Reheating a pie quickly and safely can seem easy as pie, but the texture mixture can pose a challenge for many reheating methods.
What is the best way to reheat pie?
In our opinion, setting up an open foil tent over your pie and reheating it in the oven for 15 to 30 minutes at 350 degrees Fahrenheit seems to get the best results.
Today we’re going to talk about the pitfalls of the most common pie reheating methods and learn the best ways to warm up the filling just right without burning the crust.
What Pies Can You Reheat?
The reheating guidelines in this article work for most kinds of dessert pies that are designed to be served hot.
- Apple pie
- Cherry pie
- Pecan pie
- Pumpkin pie
Fruit pie is pretty easy to reheat. It’s generally robust and forgives many beginner mistakes. The most delicate part is the bottom of the crust, which needs special attention if you want it to come close to how crisp and flaky it was when you first made it.
Try to reheat fruit pies within about four days of their original baking.
You can enjoy nut pies either warm or at room temperature. If you plan to reheat a nut pie, try to do so within a week of making it.
Don’t try to reheat cream pies. Those are designed to be served icy cold.
Pumpkin pies taste great cold, but they can also be reheated and served warm with a dollop of ice cream. About four or five days after you make a pumpkin pie, the filling tends to start separating from the crust and you might see water on top. Try to reheat and eat it before then.
Related | How Long Do Pumpkins Last?
How Long To Reheat Pie
The length of time you need to reheat your pie depends mainly on the type of pie as well as its size and thickness.
- The thickest pies are about nine inches deep and should be heated for around 15 to 20 minutes.
- Thinner pies measuring around five inches deep will usually take from 12 to 15 minutes.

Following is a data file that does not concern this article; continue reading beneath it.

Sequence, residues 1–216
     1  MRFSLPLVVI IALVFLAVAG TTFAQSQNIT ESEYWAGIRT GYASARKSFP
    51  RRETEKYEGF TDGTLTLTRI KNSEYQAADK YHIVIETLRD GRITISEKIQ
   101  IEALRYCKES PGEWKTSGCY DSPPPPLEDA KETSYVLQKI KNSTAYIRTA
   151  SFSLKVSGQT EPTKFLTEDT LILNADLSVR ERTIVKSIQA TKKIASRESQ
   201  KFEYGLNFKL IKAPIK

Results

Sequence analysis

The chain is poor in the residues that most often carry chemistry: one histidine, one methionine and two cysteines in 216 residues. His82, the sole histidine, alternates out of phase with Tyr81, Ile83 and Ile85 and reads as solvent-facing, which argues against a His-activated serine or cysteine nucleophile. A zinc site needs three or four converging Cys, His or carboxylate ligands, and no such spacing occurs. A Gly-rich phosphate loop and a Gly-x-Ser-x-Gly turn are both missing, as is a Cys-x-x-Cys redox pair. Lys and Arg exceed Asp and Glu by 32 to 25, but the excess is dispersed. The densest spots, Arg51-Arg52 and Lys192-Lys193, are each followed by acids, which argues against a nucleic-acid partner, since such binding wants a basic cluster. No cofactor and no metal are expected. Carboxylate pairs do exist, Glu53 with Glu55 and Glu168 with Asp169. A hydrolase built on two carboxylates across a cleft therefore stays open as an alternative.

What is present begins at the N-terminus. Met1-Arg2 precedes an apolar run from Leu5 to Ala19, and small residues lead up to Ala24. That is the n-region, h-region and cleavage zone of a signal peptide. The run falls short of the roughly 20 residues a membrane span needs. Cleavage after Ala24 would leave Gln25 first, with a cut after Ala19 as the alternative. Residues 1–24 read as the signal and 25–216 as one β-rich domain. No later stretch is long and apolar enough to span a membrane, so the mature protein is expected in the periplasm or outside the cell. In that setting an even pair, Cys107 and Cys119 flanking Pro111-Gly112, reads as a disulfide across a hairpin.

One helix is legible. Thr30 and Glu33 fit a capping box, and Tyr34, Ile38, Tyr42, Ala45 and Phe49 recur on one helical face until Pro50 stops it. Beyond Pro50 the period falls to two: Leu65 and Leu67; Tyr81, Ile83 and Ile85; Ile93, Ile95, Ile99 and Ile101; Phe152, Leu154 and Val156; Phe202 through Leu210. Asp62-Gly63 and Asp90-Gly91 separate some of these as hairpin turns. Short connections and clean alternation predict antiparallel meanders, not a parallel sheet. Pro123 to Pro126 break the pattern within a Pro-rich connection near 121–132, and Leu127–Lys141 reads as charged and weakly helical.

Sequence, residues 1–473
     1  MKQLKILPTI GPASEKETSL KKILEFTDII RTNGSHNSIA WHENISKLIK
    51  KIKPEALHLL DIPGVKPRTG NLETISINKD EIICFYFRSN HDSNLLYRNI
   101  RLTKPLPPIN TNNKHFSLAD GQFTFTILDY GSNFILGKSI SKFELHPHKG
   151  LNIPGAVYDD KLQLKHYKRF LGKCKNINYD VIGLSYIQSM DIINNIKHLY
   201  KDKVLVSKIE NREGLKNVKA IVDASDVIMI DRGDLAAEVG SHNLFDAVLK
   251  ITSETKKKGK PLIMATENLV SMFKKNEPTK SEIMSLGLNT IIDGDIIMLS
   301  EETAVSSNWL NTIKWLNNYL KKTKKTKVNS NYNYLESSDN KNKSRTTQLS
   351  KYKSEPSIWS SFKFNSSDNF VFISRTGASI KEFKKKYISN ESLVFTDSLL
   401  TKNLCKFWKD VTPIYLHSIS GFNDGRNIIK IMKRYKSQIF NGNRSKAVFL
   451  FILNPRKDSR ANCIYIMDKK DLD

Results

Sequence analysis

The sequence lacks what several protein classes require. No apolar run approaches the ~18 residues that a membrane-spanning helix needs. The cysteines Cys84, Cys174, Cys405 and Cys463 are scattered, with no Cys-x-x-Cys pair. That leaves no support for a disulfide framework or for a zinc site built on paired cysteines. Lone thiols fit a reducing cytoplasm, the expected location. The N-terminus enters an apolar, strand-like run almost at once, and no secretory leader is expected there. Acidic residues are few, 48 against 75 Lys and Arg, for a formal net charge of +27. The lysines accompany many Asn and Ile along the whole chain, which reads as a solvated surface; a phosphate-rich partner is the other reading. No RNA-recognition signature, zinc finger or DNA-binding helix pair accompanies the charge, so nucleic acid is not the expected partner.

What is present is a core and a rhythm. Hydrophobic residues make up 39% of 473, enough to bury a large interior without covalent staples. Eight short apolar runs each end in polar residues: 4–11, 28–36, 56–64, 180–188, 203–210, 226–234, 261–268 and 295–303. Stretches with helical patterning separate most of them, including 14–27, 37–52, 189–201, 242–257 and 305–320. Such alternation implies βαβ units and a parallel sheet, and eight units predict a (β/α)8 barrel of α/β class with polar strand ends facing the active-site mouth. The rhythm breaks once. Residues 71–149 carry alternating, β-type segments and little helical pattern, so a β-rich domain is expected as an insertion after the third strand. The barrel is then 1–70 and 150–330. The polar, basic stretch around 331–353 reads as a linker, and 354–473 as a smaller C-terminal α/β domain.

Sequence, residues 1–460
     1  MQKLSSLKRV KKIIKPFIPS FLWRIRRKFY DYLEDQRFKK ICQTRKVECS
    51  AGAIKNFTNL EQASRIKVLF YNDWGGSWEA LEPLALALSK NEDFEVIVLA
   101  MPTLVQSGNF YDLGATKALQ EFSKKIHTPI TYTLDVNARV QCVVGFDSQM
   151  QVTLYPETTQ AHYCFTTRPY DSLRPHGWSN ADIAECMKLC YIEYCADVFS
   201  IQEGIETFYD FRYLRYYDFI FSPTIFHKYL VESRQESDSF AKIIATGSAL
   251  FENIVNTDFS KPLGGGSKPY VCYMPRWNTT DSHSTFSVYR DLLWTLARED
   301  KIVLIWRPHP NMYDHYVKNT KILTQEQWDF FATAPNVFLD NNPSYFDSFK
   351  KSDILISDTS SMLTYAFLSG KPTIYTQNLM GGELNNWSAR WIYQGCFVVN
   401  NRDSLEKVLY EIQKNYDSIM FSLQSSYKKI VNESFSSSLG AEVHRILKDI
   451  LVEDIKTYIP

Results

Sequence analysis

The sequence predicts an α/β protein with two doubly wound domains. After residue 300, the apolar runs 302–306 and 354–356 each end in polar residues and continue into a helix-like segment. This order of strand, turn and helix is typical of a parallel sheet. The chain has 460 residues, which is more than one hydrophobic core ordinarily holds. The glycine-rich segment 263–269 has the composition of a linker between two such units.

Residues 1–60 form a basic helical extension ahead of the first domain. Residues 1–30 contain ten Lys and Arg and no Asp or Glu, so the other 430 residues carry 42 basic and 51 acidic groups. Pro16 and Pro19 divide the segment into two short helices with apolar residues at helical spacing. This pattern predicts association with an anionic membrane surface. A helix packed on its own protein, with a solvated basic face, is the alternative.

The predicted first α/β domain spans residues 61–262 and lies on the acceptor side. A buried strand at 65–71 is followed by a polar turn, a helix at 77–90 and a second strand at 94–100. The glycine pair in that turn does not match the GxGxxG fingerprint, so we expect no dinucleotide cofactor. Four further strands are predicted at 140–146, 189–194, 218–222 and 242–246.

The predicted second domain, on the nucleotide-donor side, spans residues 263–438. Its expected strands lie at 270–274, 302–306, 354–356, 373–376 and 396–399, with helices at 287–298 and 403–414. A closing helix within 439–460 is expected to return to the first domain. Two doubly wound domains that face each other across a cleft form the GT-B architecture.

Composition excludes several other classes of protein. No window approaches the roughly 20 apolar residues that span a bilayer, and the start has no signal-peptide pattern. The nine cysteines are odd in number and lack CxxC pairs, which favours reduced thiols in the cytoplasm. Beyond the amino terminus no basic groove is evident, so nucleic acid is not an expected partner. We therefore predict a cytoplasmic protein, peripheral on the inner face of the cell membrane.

- Turnovers can be reheated in around 10 minutes.
To get the best reheating results, get your pie down to a cool temperature just above room temperature before putting it in the oven or microwave. Frozen pies should be defrosted before you reheat them. If your pie isn’t already at the right temperature, you’ll need to add a bit more time to get it there.
- For fridge temperature pies, add about five minutes extra.
- If you’re not able to defrost your frozen pie in advance, you may need to add up to half an hour extra.
My favorite part of reheating a pie is that moment when the heat starts to loosen up the texture, and the pie perfume starts leaking out all over the kitchen. Here’s approximately how long different methods take to reheat different kinds of pies:
- Reheating a fruit pie in the oven – 15-30 minutes at 350F
- Reheating a nut pie in the oven – 10-15 minutes at 350F
- Reheating a pumpkin pie in the oven – 10-12 minutes at 350F
- Reheating a single slice in the microwave – about 30 seconds
- Reheating a whole pie in the microwave – 5-10 minutes in 30-second intervals
An easy rule of thumb to remember is: Put your pie in the oven when the pie is cool and the oven is hot. This will help you avoid the hot beginner mistake of burning the edges of the crust as well as the cold beginner mistake of ending up with a warm crust and a cold filling.
If you’re worried about dry pie, make some appropriate sauce from cinnamon, lemon, ginger, or honey. Pour it into the pie through a slit in the crust before you reheat it to get it oozing with moisture.
If you’re worried about soggy pie, reheat it on the bottom rack of your oven. Reheating on the lowest rack traps heat between the bottom of your pie and the bottom of the oven, which will help keep the crust crisp.
Avoid refreezing and reheating a pie more than once. Every time you freeze and reheat a pie, its quality and texture degrades. Repeated temperature fluctuations also encourage bacterial growth, which can make you sick.
How To Reheat Apple Pie in the Oven
Your apple pie was probably originally baked in an oven, so you’ll get the best results reheating it in an oven. An oven will reheat the pie through and through, keeping all the moisture on the inside and the crispiness on the outside.